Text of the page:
Ted Nordhaus and Michael Shellenberger’s 2004 essay “The Death of Environmentalism” sparked passionate debate while earning them a reputation as the wild boys of the Environmental Movement. Contributor DYLAN SMITH chats with the authors about their new book Break Through: From the Death of Environmentalism to the Politics of Possibility, and an altogether new approach to the urgent problem of global warming.
Michael Shellenberger at home in Berkeley, CA. Photograph: Michael Macor, The Chronicle
Within the realm of all political conversations—be they social, economic, biological, religious or environmental—there are two pools of thought. The first calls for change. The other calls for restrictions and constraints to change whereby to hold the human condition in place. Ted Nordhaus and Michael Shellenberger’s 2004 essay “The Death of Environmentalism” sparked passionate debate and earned them a reputation as the mavericks of the environmental movement. In it they call for the death of Environmentalism’s inherently pessimistic notions in order to make way for a more progressive, change-based approach to the philosophy, ideology and social movement of Environmental Protection. I recently spoke with the author whose expanded his essay into a new book called Break Through: From the Death of Environmentalism to the Politics of Possibility.
Nordhaus and Shellenberger hold less that Environmentalism is dead—but that it should be. From the Industrial Revolution to the present day, political strategies that targeted smog and water pollution focused on mere cities, regions and swaths of countryside in smallish corners of the world. Global Warming, by its very definition, requires a collective response.
The first modern environmental laws came in the form of Britain's Alkali Acts of 1863; which regulated the deleterious air pollution given off by factory’s burning coal for the production of railroads, steams engines and machines. An Alkali inspector was appointed to curb the pollution which placed all major industries that emitted smoke, grit, dust and fumes under supervision. But for the next 100 years, air pollution would remain the primary environmental concern. It wasn’t until the Great Smog of 1952—which brought the City of London to a standstill and caused upward of 6,000 deaths—that the Clean Air Act of 1956 was passed, and pollution in that city was regulated. Taxing carbon emissions for major industries, and tax breaks for homeowners, came to characterize the modern Environmentalist Movement; which continually found ways to penalize the very consumers and corporations the marketplace had created.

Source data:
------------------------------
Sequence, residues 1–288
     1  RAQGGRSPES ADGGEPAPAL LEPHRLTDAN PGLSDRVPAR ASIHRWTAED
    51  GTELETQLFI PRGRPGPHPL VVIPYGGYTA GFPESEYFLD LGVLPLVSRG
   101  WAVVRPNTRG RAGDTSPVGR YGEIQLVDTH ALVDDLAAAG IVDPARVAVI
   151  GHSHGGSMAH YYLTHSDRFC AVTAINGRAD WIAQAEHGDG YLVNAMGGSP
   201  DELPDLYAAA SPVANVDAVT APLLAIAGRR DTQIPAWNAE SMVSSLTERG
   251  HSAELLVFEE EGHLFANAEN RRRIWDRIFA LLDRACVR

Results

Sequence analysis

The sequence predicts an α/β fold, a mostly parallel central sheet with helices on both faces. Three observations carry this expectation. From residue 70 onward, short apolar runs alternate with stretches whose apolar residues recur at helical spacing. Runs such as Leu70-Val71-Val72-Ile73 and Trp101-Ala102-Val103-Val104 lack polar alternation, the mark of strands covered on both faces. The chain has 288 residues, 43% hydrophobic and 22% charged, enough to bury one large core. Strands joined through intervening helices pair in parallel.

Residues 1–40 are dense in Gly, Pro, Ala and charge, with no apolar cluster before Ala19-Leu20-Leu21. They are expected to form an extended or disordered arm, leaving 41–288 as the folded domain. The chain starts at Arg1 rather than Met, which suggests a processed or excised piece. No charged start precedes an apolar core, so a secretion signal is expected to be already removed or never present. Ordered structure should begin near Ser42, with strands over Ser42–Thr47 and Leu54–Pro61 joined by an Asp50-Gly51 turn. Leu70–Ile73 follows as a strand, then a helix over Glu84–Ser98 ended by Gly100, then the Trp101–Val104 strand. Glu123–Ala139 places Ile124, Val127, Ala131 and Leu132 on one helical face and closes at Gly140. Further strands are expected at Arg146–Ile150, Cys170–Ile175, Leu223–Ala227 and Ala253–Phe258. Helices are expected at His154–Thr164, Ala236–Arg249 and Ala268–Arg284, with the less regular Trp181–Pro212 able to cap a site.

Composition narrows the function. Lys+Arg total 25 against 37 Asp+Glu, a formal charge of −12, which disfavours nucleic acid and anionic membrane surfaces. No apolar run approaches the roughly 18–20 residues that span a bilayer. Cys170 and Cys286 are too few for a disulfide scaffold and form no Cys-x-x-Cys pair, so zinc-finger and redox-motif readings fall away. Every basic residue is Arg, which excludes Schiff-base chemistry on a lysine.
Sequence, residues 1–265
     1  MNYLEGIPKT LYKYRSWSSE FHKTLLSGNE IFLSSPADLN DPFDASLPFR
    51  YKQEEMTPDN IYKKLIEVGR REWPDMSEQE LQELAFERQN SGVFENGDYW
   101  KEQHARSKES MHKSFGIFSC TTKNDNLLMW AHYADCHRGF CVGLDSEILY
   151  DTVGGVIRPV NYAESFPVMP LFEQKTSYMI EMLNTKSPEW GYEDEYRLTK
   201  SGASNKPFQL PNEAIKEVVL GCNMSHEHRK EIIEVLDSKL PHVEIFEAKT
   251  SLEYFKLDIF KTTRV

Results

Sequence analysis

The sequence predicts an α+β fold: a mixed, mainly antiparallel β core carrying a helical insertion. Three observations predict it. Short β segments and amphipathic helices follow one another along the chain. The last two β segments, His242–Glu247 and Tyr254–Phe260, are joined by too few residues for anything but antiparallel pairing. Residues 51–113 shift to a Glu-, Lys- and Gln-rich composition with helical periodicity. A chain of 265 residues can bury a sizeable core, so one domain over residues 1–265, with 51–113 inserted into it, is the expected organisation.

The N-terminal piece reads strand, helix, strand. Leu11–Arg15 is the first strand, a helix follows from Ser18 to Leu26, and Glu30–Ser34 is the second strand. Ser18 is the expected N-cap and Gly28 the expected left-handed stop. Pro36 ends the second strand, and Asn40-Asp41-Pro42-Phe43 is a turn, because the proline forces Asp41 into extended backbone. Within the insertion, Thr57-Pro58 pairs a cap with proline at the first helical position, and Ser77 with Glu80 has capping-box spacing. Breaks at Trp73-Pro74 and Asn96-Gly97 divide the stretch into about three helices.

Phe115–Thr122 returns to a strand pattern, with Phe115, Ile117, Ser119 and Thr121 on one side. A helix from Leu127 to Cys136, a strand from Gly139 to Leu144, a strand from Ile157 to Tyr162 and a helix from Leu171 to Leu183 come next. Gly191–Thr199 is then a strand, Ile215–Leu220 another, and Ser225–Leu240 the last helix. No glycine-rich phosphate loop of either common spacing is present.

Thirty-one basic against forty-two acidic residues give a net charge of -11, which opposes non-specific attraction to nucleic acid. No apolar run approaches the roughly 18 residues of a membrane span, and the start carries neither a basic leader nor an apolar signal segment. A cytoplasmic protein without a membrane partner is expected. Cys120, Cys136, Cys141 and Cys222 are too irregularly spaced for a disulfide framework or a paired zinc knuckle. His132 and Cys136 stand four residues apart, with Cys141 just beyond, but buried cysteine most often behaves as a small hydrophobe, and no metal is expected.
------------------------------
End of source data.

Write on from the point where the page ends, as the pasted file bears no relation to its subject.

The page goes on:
Shellenberger believes “we should focus on making clean energy cheaper rather than making fossil fuels more expensive” and explains, “all human impacts on the environment are determined by the creation of technological substitutes. Solar and wind are not legitimate substitutes for fossil fuels.” While Break Through holds up as a piece of political philosophy, this distinction acts as a catalyst to an entirely new technological strategy and viewpoint; abandoning the previous theories that hinged on solar and wind by expanding technological views to encompass a wider scale of solutions.
Shellenberger explains “global climate mitigation is a massive technological undertaking that now requires nuclear energy.” This neo-environmentalist philosophy includes developing Third World countries where natural gas, renewables, and nuclear energy are the winners. Coal and fossil fuels are the losers. The author advocates for a highly developed alternative vision, strategy and plan whereby a consortium of 20 nations (G20) collaborate to reduce carbon emissions and ultimately restore planet earth to its more natural state. But the fight for neo-environmentalism is also a fight against million dollar anti-nuclear institutions like Greenpeace and the NRDC, the latter of which actually writes EPA legislation and greatly influenced Obama´s Clean Power Plan.
Using the Clean Air Act to order the 50 states to proffer plans by which they’ll reduce carbon emissions by 2030 is frankly no different than Britain’s Clean Air Act of 1956; which led not only to the collapse of the coal and mining industries during the Thatcher years, but also left her legacy in ruins. Indeed, Obama is yet another old school Environmentalist choosing coercive politics over possibilities.
Someday our planet will be dotted with windmills and solar panels, high-speed trains and nuclear efficient office buildings. Until then, we’d do well to remember this author’s two bits on that score: “There is no single, glorious and transcendent Science. There are only sciences creating contingent truths, toiling away to reveal, create and organize facts and theories until the next revolutionary paradigm comes along to reorganize entire worlds.”
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